The following list identifies some risks for the upcoming Fall season;

MUSHROOMS

It can be difficult to recognize the difference between toxic and non-toxic mushrooms, especially when there are so many varieties that can grow. The best advice is to just assume all mushrooms are toxic for your pet and remove any that grow wherever your pet spends time. The moisture from sprinklers still running, rain and just the change in outside temperatures can create the perfect environment for mushrooms to start sprouting up in your yard. You’ll want to pay close attention because mushrooms grow quickly and can blend in with dirt and certain grasses. The parasol-shaped mushrooms and any small brown mushrooms are highly toxic. Mushroom poisoning can cause all kinds of symptoms including vomiting, diarrhea, other digestive problems, and liver failure. If you suspect your animal has ingested mushrooms, you’ll want to take them to the vet as soon as possible because the symptoms can go from bad to worse in a matter of hours. We take your pet emergencies very seriously at Blue Sky Veterinary Clinic and want to make sure your pet receives the proper care needed for any situation.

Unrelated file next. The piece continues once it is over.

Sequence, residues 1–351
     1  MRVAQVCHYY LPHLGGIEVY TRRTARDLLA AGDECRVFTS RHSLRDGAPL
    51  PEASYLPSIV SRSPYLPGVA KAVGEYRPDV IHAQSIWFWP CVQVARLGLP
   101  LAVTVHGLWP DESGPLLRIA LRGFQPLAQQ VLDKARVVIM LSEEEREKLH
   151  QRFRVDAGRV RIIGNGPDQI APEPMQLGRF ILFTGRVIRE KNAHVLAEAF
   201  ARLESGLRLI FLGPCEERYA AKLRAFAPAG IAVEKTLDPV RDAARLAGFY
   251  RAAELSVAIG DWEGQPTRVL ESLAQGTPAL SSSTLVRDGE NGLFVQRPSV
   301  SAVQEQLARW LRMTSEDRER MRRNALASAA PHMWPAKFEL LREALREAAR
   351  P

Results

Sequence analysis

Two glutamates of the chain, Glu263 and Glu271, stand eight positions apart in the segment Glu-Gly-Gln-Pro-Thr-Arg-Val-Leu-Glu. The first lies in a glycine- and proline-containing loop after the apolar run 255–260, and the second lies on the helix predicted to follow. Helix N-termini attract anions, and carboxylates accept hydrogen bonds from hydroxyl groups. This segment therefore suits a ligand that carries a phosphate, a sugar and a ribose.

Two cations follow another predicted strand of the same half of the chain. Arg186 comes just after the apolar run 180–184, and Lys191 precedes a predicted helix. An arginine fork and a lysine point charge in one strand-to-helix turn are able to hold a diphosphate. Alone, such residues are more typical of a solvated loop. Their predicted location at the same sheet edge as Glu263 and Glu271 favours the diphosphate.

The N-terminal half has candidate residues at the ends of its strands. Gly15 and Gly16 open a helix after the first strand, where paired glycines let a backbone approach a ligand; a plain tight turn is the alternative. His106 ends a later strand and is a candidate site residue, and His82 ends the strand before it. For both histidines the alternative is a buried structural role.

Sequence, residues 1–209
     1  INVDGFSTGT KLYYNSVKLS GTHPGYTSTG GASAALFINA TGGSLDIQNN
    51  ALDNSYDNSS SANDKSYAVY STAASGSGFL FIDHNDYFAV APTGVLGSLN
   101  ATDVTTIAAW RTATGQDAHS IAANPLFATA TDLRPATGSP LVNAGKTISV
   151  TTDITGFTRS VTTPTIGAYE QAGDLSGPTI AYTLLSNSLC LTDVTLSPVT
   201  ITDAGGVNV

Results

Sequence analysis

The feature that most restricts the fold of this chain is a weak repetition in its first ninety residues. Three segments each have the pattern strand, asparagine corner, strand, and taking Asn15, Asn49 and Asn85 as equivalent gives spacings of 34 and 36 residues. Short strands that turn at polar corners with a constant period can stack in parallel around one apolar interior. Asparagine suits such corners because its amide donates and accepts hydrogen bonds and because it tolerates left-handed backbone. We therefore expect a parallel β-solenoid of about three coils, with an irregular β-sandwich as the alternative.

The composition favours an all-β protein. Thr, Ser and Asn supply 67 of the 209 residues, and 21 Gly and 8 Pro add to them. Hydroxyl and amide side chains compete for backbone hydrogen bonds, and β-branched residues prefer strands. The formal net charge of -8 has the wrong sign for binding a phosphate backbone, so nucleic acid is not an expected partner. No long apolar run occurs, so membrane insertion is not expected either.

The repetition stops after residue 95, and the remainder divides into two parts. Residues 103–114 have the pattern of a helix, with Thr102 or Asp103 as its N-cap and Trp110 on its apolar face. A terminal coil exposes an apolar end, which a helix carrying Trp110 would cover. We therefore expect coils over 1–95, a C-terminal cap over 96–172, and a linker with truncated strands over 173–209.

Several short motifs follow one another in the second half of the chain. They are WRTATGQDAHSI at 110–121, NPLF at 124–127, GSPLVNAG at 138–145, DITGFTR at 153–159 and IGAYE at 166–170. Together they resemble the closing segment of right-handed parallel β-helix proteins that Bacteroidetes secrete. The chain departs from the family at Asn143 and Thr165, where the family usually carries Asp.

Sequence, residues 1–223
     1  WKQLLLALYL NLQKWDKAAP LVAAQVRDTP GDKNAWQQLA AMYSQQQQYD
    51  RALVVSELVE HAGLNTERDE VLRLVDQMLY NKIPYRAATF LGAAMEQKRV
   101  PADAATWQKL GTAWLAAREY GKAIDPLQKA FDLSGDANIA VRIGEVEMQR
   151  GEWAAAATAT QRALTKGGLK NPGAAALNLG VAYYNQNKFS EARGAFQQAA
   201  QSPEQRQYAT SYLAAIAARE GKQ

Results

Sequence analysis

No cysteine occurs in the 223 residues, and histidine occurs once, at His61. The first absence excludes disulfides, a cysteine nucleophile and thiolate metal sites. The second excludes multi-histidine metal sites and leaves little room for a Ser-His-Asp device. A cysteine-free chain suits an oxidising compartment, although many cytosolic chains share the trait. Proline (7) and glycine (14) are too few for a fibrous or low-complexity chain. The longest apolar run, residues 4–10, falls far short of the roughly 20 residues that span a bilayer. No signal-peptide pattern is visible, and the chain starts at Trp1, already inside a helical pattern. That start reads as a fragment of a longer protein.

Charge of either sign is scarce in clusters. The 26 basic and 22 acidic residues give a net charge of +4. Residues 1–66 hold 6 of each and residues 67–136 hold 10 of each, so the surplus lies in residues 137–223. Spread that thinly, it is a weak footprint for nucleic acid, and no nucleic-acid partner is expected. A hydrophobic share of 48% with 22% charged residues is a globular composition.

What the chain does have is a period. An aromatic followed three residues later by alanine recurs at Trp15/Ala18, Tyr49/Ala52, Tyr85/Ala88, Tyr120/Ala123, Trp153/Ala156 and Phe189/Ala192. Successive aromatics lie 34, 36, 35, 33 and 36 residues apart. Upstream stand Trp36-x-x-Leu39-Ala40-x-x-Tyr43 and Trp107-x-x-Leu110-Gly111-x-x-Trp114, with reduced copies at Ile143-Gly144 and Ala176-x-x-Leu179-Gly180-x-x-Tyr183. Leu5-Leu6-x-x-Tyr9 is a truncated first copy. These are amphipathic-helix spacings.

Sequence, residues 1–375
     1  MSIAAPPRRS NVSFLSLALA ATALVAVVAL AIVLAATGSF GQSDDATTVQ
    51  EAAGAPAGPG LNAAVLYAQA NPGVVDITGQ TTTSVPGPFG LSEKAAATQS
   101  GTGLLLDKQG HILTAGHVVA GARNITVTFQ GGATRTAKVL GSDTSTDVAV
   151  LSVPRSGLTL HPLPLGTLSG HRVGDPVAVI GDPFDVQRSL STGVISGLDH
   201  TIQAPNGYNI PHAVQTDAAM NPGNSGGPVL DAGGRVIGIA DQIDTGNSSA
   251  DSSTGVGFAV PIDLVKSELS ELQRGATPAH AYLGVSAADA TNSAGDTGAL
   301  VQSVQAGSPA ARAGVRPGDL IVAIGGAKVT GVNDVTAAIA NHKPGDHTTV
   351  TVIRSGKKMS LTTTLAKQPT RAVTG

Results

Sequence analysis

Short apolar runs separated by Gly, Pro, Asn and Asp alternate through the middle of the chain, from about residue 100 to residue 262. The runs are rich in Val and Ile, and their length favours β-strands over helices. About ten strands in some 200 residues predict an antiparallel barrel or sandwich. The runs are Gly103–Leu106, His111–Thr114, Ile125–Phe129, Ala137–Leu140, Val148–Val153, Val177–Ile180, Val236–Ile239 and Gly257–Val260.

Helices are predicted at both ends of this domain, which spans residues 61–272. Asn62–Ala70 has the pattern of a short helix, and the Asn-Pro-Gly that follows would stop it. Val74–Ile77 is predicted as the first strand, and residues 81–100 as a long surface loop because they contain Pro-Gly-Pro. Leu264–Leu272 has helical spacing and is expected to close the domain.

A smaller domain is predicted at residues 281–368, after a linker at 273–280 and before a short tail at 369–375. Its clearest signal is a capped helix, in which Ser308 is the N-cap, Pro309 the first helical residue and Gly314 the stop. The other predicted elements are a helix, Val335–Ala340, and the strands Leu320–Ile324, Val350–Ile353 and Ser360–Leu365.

RODENTICIDES

Like the rest of us, rodents seek warmer surroundings as the outside temperatures drop. Those rodents must go somewhere and often they seek refuge inside our homes and garages. If you use any kind of rodenticide, please understand ALL of the chemical ingredients in rodenticides are harmful to your pet, and if ingested, the results could be fatal. If you do have to use them, you’ll want to put them in areas that aren’t accessible to your pets. Mouse or rat traps that lure the rodent in often have poison on the inside of the trap. These traps can seem like something interesting to chew on, so making sure you place those traps in areas that your pet can’t reach. This is highly recommended to ensure safety for your pets as well as any children in your home. Environmental factors play a large roll in pet health, so we suggest keeping your pet's environment free of rodenticides.

HUNTING SEASON